Art Works Blog

Notable Quotable: Phenomenal Women Edition

What is the purpose of art? According to many, if not all, of the artists we've interviewed over the years, art is a powerful vehicle for making us stop and reconsider our point of view--on a particular issue, a person, a time period, even an object. The same is true of these 10 quotes we've picked out from interviews past--each a little nugget demanding that we stop and think about what we only think we already know by women artists whose work demands the same. (Click on the artist's name to access the full interview.)

Have your own favorite quote by a phenomenal woman artist? Let us know in the comments or on Facebook.

"It was very important to me to make every one of the characters that I really write about as complicated and as unique and as real as possible. Because that's the way that you begin to change; perspective that you have to humanize your characters in your art. I mean, especially if you're a writer like me who is writing about a community, I think that has been largely absent from American letters. And so it's very important to me to humanize them as well as I canI mean, really make them live on the page. — Jesmyn Ward
"Short fiction is like low relief. And if your story has no humor in it, then you're trying to look at something in the pitch dark. With the light of humor, it throws what you're writing into relief so that you can actually see it. Otherwise it's just a dark room, and what you're trying to write about will be invisible to your readers." — Elizabeth McCracken
"I transitioned to writing after failing as a painter, and I do recommend failure. I think it's a very good experience for anyone to go through." —
Julie Otsuka
"I think increasingly, especially in a culture where artists are pressured to commodify themselves and where there is this tremendous pressure for art to make money, for art to be profitable, we have this idea that art is this finished product that is manipulated, engineered, and available for sale, and we don’t think of art making as a collective process, as a communal process, as something that continues to evolve even after a piece of work has been put out into the public realm. And so, art becomes this specialized function rather than something that we are all engaged in every day of our lives. And we’re all impoverished by that." — Shailjah Patel 
"Since I was a child I have come to the realization that I have a way of giving voice to the struggles of people and that's something that called me or compelled me to look at the inequality that our people experience." — Veronica Castillo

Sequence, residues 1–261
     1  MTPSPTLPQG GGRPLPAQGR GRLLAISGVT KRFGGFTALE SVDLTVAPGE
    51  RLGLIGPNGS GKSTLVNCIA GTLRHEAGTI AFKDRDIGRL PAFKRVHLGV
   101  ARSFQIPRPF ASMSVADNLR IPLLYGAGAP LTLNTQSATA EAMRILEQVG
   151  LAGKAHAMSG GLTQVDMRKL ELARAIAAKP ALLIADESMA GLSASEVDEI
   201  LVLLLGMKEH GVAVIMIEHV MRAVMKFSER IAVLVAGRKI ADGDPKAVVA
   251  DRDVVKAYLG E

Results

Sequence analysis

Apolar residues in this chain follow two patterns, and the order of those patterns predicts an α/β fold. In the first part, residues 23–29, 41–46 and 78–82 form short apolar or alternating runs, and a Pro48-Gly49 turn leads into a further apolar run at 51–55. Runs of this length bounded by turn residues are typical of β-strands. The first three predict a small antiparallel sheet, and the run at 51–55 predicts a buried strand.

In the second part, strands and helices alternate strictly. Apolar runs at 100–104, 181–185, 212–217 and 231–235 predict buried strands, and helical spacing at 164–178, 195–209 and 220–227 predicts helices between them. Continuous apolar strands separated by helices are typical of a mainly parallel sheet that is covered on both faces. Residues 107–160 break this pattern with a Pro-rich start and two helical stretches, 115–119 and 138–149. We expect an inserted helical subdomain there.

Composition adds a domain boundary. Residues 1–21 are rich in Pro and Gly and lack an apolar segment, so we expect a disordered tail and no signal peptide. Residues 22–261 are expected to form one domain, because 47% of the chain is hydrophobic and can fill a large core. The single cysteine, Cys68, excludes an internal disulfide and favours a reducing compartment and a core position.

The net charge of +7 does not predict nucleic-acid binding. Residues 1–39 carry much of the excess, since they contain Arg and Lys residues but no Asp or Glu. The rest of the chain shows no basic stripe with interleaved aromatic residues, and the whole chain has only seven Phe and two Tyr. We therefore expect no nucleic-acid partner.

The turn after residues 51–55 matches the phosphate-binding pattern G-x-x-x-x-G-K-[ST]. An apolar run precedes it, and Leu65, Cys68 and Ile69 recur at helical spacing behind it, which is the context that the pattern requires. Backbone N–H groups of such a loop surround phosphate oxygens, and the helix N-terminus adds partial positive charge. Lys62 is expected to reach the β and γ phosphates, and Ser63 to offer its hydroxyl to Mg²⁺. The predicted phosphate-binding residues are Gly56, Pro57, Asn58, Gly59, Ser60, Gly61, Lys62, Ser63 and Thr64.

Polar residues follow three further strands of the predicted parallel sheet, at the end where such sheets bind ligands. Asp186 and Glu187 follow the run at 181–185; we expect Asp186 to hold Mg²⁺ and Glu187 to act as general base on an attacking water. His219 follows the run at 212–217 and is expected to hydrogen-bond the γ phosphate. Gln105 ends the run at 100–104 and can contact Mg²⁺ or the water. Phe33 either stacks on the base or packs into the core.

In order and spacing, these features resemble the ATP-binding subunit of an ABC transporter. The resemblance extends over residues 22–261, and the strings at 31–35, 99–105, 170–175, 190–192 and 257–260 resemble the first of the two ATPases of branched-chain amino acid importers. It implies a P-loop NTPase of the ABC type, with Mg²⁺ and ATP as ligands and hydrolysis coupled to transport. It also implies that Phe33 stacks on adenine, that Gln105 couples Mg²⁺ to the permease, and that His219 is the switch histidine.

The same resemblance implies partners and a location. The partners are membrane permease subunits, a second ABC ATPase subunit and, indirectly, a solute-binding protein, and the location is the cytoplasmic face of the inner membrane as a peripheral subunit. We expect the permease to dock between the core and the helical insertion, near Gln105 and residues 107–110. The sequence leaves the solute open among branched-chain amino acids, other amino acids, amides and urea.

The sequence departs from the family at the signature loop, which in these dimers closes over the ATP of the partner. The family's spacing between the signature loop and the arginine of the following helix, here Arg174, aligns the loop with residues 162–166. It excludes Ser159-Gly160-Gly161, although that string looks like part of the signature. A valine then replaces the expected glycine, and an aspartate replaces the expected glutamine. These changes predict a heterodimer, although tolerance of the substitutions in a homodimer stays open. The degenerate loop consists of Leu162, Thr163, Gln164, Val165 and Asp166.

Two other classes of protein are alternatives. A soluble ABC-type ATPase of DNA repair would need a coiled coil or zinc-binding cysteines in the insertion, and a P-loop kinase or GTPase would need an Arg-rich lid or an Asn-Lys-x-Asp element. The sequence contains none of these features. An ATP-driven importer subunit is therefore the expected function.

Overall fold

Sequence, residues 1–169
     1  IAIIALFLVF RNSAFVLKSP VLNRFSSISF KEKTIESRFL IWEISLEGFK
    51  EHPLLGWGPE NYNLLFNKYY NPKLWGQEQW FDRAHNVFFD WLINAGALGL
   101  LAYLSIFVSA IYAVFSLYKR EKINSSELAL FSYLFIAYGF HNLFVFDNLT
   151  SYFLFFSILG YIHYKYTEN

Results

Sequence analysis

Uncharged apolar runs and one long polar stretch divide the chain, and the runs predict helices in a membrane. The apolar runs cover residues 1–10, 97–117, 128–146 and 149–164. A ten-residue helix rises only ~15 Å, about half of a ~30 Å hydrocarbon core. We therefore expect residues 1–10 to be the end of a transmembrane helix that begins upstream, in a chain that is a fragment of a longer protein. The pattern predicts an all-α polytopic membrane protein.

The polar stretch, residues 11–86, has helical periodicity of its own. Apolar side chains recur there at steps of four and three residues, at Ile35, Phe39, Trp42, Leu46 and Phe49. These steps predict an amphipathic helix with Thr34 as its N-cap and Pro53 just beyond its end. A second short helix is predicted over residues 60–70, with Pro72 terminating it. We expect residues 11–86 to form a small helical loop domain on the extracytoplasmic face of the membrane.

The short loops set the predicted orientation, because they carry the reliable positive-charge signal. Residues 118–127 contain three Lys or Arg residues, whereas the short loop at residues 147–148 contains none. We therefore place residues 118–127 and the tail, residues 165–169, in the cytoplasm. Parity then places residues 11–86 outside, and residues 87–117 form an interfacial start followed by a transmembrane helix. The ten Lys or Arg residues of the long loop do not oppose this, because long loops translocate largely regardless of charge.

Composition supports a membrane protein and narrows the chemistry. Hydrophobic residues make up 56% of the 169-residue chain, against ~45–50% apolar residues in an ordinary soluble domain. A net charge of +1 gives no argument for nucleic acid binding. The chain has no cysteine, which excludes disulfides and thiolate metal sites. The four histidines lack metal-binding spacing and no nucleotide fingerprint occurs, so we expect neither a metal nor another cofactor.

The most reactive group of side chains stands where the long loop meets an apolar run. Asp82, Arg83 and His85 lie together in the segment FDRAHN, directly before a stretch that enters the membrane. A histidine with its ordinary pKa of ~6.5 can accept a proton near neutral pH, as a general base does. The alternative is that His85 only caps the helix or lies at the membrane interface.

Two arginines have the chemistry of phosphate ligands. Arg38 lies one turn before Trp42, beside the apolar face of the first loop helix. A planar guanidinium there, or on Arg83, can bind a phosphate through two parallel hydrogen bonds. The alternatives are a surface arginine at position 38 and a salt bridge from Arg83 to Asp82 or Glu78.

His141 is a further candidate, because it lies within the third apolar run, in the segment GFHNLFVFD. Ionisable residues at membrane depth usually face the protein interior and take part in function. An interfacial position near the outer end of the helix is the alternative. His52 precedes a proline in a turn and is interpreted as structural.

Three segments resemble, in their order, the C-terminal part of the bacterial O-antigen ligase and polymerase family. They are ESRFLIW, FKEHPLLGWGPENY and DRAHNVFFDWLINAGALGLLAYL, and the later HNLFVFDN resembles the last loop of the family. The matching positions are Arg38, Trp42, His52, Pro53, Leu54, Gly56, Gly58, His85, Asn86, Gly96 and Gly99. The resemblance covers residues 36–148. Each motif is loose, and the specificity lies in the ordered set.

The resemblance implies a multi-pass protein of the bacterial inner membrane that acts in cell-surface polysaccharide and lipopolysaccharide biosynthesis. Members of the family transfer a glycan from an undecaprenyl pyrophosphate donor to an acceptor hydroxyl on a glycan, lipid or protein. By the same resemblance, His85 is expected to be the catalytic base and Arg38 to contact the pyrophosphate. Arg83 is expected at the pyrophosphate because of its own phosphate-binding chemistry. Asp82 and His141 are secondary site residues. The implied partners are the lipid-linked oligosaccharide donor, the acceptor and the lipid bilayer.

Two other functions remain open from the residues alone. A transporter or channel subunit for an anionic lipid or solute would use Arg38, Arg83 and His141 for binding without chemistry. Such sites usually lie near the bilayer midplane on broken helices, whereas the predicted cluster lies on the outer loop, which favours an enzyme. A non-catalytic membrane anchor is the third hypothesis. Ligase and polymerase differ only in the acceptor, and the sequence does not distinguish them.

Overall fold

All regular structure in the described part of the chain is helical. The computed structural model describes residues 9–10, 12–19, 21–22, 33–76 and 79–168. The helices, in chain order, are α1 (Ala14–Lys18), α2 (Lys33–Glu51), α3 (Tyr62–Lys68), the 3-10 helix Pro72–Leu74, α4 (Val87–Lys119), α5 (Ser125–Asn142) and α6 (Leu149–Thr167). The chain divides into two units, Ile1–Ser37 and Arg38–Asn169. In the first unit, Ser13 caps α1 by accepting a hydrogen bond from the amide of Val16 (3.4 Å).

"Everything's so accessible that it's even more important now as an artist to make sure that you tell the truth. Things that are uncomfortable, maybe some people don't want to face, don't want to admit, or look at it---it's your job to make them look at it. Even if it's for five seconds, you've changed a perspective. You've affected them immediately. You've affected them forever. That is the strength and the importance of the art. That's why art works." — Ramona Emerson
"There’s no conversation about joy, and I feel that that’s something art can do, and the community can listen and believe, or challenge and talk." — Leyya Tawil
"I'm a writer. And I also happen to be a person of color and I happen to be a woman. I no longer try to distance myself from those labels. It's just who I am. It's how I see the world, it's how I move through the world. So, of course, my writing will sometimes reflect that. It's part of my identity but I'm still a writer. These are just facts of life. I have no need or interest in separating myself from these facts. But it's not the sum of what I'm about or what I write about either. And I think all too often women and writers of color are pigeon-holed and they're forced to carry certain labels. I reject that." — Roxane Gay
“I live a quiet, an ordinary, an old-fashioned woman's life: the kitchen, the grandchildren, books, the woods. I am unadventurous, don't flirt with danger. But when I sit down to write I give myself permission to dare anything.”   — Linda Pastan
"I feel like the role of the artist is to be a conversation-starter. It's about framing a topic, a subject, a statement in a different manner and a different way than we have it framed for us every day. That hopefully suggests or provokes deeper contemplation and dialogue about that topic or that issue." — Rachel Grossman

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